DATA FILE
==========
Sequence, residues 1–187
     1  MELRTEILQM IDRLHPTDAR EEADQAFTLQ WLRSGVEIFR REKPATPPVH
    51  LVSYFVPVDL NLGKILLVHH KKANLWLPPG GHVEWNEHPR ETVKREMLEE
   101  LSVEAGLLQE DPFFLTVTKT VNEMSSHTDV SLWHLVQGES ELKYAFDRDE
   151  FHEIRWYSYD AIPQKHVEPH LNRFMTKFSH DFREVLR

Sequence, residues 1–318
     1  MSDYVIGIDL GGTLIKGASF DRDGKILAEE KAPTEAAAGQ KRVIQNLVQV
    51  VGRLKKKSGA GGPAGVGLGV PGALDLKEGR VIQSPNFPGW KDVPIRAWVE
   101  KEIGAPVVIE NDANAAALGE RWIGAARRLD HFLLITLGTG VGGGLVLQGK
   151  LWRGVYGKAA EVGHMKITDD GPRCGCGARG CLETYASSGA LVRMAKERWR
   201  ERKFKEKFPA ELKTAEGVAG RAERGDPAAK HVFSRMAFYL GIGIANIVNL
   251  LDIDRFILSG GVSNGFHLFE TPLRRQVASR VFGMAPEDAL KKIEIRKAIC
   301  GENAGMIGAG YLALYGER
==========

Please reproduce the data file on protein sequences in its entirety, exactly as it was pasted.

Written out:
Sequence, residues 1–187
     1  MELRTEILQM IDRLHPTDAR EEADQAFTLQ WLRSGVEIFR REKPATPPVH
    51  LVSYFVPVDL NLGKILLVHH KKANLWLPPG GHVEWNEHPR ETVKREMLEE
   101  LSVEAGLLQE DPFFLTVTKT VNEMSSHTDV SLWHLVQGES ELKYAFDRDE
   151  FHEIRWYSYD AIPQKHVEPH LNRFMTKFSH DFREVLR

Sequence, residues 1–318
     1  MSDYVIGIDL GGTLIKGASF DRDGKILAEE KAPTEAAAGQ KRVIQNLVQV
    51  VGRLKKKSGA GGPAGVGLGV PGALDLKEGR VIQSPNFPGW KDVPIRAWVE
   101  KEIGAPVVIE NDANAAALGE RWIGAARRLD HFLLITLGTG VGGGLVLQGK
   151  LWRGVYGKAA EVGHMKITDD GPRCGCGARG CLETYASSGA LVRMAKERWR
   201  ERKFKEKFPA ELKTAEGVAG RAERGDPAAK HVFSRMAFYL GIGIANIVNL
   251  LDIDRFILSG GVSNGFHLFE TPLRRQVASR VFGMAPEDAL KKIEIRKAIC
   301  GENAGMIGAG YLALYGER